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Three Briefs - Feminist Inquiry - Assignment Example

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Feminist inquiry: Three briefs Name University 27 March 2012 Sandra Harding, “Is There a Feminist Method?” Sandra Harding has a Ph.D., Philosophy from New York University. Her teaching and research interests are in feminist and postcolonial theory, epistemology, research methodology and philosophy of science…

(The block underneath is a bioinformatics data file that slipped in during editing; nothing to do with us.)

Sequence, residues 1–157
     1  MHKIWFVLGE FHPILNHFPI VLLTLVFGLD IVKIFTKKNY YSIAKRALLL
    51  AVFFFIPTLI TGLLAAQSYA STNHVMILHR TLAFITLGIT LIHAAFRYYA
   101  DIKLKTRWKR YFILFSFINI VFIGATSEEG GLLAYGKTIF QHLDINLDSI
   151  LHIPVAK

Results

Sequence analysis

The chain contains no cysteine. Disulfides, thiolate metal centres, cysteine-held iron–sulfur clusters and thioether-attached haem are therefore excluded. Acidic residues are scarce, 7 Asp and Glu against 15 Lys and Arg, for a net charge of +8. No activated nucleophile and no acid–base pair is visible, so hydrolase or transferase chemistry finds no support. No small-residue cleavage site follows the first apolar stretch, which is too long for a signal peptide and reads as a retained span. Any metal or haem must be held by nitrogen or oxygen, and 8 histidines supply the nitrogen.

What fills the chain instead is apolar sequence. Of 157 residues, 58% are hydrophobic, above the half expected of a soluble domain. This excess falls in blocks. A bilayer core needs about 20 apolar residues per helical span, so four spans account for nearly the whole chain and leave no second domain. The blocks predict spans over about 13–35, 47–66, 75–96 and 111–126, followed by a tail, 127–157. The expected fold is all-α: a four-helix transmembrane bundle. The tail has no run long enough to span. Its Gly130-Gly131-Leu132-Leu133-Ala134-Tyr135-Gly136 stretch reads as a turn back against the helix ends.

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Feminist inquiry: Three briefs 27 March Sandra Harding, “Is There a Feminist Method?” Sandra Harding has a Ph.D., Philosophy from New York University. Her teaching and research interests are in feminist and postcolonial theory, epistemology, research methodology and philosophy of science. Harding’s position on feminist research is that there is no single feminist method. In her article, “Is There a Feminist Method?,” Harding argued that feminists should not be preoccupied with the pursuit of a single feminist method, because this neglects the unique aspects of feminist research. Instead, she aspired to describe the distinctive elements of feminist biological and social science research that makes feminist studies, exciting and challenging. Harding explained that traditional approaches to biology and social science research regarding women’s nature, thinking, and behaviors hardly focused on female targets and only emphasized the “fetishization” of methods (Harding, 1989, p.18). Lawrence Kohlberg, for instance, did not find it perplexing that women’s responses to his moral dilemmas were “less easy” compared to men (Harding, 1989, p.18). Biologists also prescribed cosmetics tested on male than female rats, because menstruation cycles muddled the product effects for female rats (Harding, 1989, p.18). In essence, these sciences followed methods that were based on male models of human biological or moral development (Harding, 1989, p.18). Harding also complained about the fetish of researchers, which mimicked other scientific methodological approaches, without understanding its relevance and validity to their own fields and inquiries (Harding, 1989, p.18). Harding examined and criticized the calls for single or multiple feminist methods; for her, these methods either focused on method, or methodology, or epistemology, without fully appreciate the wide range of feminist writing and research methods, methodologies, and epistemologies. MacKinnon asserted that “consciousness-raising is feminist method” (Harding, 1989, p.18). Harding argued that this method overlooks other equally valid methods of studying women’s nature, thoughts, and behaviors. Hartsock stresses the need for “specifically feminist historical materialism” (Harding, 1989, p.19). For Harding, this approach is a methodology, not a feminist method. Other sociologists emphasized the value of phenomenological research to feminist inquiries. For them, the feminist method directly opposed extreme empiricism or positivism in research and proposed the use of Marxist epistemology. Harding was concerned of the limitations of phenomenology, because it constrained feminist inquiries, does not address the lack of awareness of subjects to local forces that shape their conditions, and it does not sufficiently consider the role of studies of masculinity and men and critical studies on feminist works in feminist research. Harding proposed an understanding of what feminists do in their research, in order to appreciate feminist research, which for her, is more meaningful than striving to define a feminist method. First, feminists study gender. Gender includes masculine, feminine, and other genders. Gender studies also entail criticizing gender roles and expectations (Harding, 1989, p.27). Gender is turned into a variable like class and social status, which other traditional studies do not explore (Harding, 1989, p.27). Second, feminist research is focused on women’s experiences as legitimate source of data (Harding, 1989, p.27). Feminist questions come from women’s experiences and not from how society wants to mold women (Harding, 1989, p.27). Finally, feminist research is robustly reflexive, where interactions between gender and other social variables, such as class, race, and culture, provides a deeper understanding of the feminist inquiry (Harding, 1989, p.28). Hence, Harding stresses that it is not important that there is a feminist method. Feminist research should be free to use different methods, methodology, and epistemology that fit its line of inquiry and nature of its participants. George Noblit, “Critical Theory” George Noblit is the Joseph R. Neikirk Distinguished Professor of Sociology of Education. His teaching areas are qualitative research methods and social foundations of education. He currently teaches at the School of Education, University of North Carolina at Chapel Hill. His main position on critical theory methods is that there is no single critical method. In his article, “Critical Theory,” Noblit explored the nature and aims of critical theory. Critical theory aims to examine the” dynamics of power and ideology” (Noblit, 2005, p.76). Critical researchers seek to dissect power and ideological dynamics, so that they emancipate those who are oppressed in the present socio-economic and political system. Noblit argued that critical theory has no single method, because it should use all methods and methodologies that can help it attain its primary goal of revealing and dismantling unequal power relations in society. Noblit discussed the value orientation and epistemology of critical researchers. Critical research has a value orientation that: 1) uses social and cultural criticism, 2) opposes all kinds of inequality, 3) exposes oppression and fights it, 4) studies all forms of oppression, and 5) avoids mainstream epistemology that supports status quo oppression and uses critical epistemology to dismantle unequal power relations (Noblit, 2005, p.77). Critical theory is more than research; it is an action-oriented research that aims for emancipation for all oppressed sectors. Noblit did not support a single critical method or methodology, because in the study of all forms of oppression and fighting it, any form of valid method and methodology can be used. There are different ways to explore critical research: critical theory, critical ethnography, and “science with an attitude” (Noblit, 2005, p.78). Critical theory itself criticizes mainstream ideology. Critical ethnography employs critical philosophy to interpret findings of ethnographic studies (Noblit, 2005, p.78). “Science with an attitude” questions the dominance of critical ethnography in critical research (Noblit, 2005, p.78). Ladwig argued that rejecting positivism is wrong, since winning the war against mainstream research and epistemology means dominating their own methods and methodologies (Noblit, 2005, p.78). Noblit asked critical researchers to not limit their methods and methodologies, as long as they serve the overarching purpose of social emancipation for the oppressed. Crotty, “Feminism: Re-visioning the Man-made World” Michael Crotty has written numerous books on feminism and social research. In “Feminism: Re-visioning the Man-made World,” his main position is that he can be a feminist too, even if he lacks “feminist consciousness” (Crotty, 1998, p.161). He argued that it is wrong to see feminism as a work by and for women alone, because masculinity is a gendered experience that affects feminist inquiries and masculinity studies can also support feminist liberation efforts. He emphasized what Freire said that people cannot free others or even themselves. Instead, people can liberate each other (Crotty, 1998, p.162). His point is that as a man, he supports the idea that feminism should free men and women alike. His main argument is that as a man, he can also support feminism, because patriarchy limits men by empowering them through traditional roles and norms, and that feminism may have different strands, but they are all connected by their aim of understanding gender experiences and fighting for gender equality (Crotty, 1998, p.162). Crotty described the different forms of feminisms to understand that feminism may have different methods, methodologies, epistemologies, and assumptions, but they are still connected by similar goals and data sources. The main goal of feminism is like critical theory. It aims to understand social phenomena from a feminine perspective, so that it can identify gender oppression and then challenge and end it. Women may be the main sources of feminist studies, but the views of men are also important in understanding how gender empowerment can be sustainably attained. Crotty agreed that feminist research entails re-visioning history as people generally know it. Feminism is a gender liberating movement and process, where in the end, men and women benefit from a new world system, where genders are viewed as and develop as equals. Read More